Green Walking 2: Urban Walkabout
My first post on green walking provided some hopefully handy tips for you to go walkabout, to get out in nature and do some green walking. In the age where any travel that is not sustainable is terribly costly in many, many ways, it is more imperative than ever for each of us to become a peripatetic.
But here is the good news: Green walking is not just “nature walking” per se, not just walkabout. Green walking is also ideal for city travel…helping cut down on many kinds of pollution, smog that obscures the lovely natural views everywhere, travel expenses, resource consumption, and driver rage, just to name a few things.
In order to facilitate your transition from commuter to sustainable commuter, from walker to green walker, I offer here a few more tips on green walking in a city environment…on going urban walkabout.
1. Like walkabouts in nature, urban walkabouts should be as sensual as possible. Although some urban settings have been deliberately “greened up” with strategic flowerbeds, parks, and eco-friendly architecture, many cities are truly urban jungles–forests of concrete. But even here you can listen to the cooing of pigeons or find some green things struggling for life in the cracks of sidewalks. And there are often flower shops, produce stands, and pets to be encountered. So enjoy these instances of nature-here-and-now whenever you can. Of course, the sun is almost always shining–or if not, then rain is falling or wind is blowing–so you still can likely get some sensual stimulation on your urban walkabout if you pay attention.
2. To make the most of your walking time and energy, plan strategically in order to make the best of your walking commute. That is, try to shop in areas where you can walk to all the stores and get back to point A. Rather than drive from a grocery store on one side of town to a pharmacy on the other, seek places where as many stores you patronize are within walking distance of each other. And rather than drive from one side of the mall to the other, walk from store to store within the mall and then return to your car. Also consolidate errands so you can make one roundabout urban walkabout and accomplish many tasks at once.
3. Make your urban walkabout enjoyable. Go out with friends, visit interesting places, smile at strangers. Your green walking should be a fun experience that you will look forward to each time you get in green motion. You may even feel inclined to get goofy–wear one of those beer/water sipper hats, dress ostentatiously (tye-dye, Earth-emblazoned shirts and hats, etc.), “power walk” with limbs flailing and face beaming, do cartwheels or back-flips…. Whatever, if green walking gets boring or tedious or dutiful, then you may lose the love behind the walk and so diminish the experience…and potentially give up.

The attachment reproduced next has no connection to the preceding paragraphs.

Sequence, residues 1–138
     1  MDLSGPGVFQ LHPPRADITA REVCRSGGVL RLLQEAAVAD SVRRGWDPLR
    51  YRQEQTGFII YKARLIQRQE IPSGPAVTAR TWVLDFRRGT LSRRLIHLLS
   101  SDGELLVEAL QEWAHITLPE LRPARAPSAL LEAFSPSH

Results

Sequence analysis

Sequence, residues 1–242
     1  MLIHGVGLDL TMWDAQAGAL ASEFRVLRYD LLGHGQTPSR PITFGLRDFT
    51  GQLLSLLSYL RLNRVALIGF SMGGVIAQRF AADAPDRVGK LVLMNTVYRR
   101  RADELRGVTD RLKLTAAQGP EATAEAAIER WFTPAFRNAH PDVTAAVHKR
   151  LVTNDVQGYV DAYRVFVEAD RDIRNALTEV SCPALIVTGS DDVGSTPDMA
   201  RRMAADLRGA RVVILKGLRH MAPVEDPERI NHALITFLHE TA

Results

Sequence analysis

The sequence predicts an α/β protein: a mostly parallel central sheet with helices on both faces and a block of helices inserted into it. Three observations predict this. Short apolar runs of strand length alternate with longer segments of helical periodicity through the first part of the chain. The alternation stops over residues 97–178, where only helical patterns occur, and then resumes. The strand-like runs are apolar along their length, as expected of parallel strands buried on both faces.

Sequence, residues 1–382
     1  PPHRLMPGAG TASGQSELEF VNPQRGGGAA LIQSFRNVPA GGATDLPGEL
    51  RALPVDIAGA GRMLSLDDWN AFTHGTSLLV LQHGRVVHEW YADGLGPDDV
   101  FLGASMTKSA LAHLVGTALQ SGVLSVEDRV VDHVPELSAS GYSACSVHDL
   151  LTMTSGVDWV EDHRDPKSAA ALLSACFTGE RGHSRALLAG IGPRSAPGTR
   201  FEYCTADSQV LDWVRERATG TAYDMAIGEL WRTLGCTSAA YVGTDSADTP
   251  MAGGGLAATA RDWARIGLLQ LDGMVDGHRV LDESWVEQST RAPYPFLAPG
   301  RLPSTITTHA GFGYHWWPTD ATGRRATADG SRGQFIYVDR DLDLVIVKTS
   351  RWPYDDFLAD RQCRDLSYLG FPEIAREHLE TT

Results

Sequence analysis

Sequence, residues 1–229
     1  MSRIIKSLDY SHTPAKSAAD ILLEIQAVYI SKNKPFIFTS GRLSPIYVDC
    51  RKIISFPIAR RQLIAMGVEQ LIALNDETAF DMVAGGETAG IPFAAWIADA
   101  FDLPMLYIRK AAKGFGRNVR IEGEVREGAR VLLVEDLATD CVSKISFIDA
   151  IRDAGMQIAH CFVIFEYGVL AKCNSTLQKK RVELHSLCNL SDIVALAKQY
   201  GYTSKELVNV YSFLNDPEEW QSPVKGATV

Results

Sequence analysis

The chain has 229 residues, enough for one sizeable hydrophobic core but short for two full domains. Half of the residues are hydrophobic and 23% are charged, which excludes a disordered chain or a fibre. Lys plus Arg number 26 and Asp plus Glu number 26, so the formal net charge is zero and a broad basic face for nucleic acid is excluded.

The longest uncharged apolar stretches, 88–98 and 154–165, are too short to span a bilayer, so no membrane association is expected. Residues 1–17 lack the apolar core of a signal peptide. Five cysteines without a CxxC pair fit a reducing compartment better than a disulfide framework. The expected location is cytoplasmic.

4. Utilize other modes of sustainable transportation. For example, combine walking and biking or bus/trolley commuting in your urban walkabout. Or carpool with friends to the mall and then do your multitasking walkabout there. Or after you park your car at the garage/lot, walk a distance to a bus stop and then commute the rest of the way to work (or vice versa).
5. Bring necessary or helpful equipment with you. If you know you will be picking up some items on your green-walking trip, bring a backpack or even a rolling handcart to carry everything without breaking your back. Also bring water, snacks, or anything else that you might want/need. (Indeed, you can even pack a lunch and include a picnic in a city park with your urban walkabout!)
6. Go urban walkabout whenever you can. Before and after work, during breaks, and any old time is a good time to take a walk outside. So just do it whenever you can…take every opportunity to go for a (green) walk.
7. Last, but by far not least, green walking in the city (and just about anywhere) should make you feel good. Whether or not you get an endorphin rush from the exercise, green walking should make you “buzz” with joy in knowing that you are helping reduce human impact on the planet. You are saving resources, reducing pollution, benefiting your holistic health, and making a statement about the need to live sustainably. You are getting out of doors into nature (even if it seems hard to find). So yes, feel proud for being an urban walkabouter! Just do not go to the extreme of self-righteousness. Let your Earth-loving heart move your feet, share the good green word and deed with others as you move, and help every living thing keep up its own lovely lively motion.
Whether you are in an Arcadian forest or an urban (or suburban) jungle, walking is a great way for you engage in sustainable travel. It is easy, fun, and oh so gloriously green!
So I hope that with these few tips and reminders for migrating from walking to green walking, in town and country, you should be all set to get in motion and go walkabout. See you outside.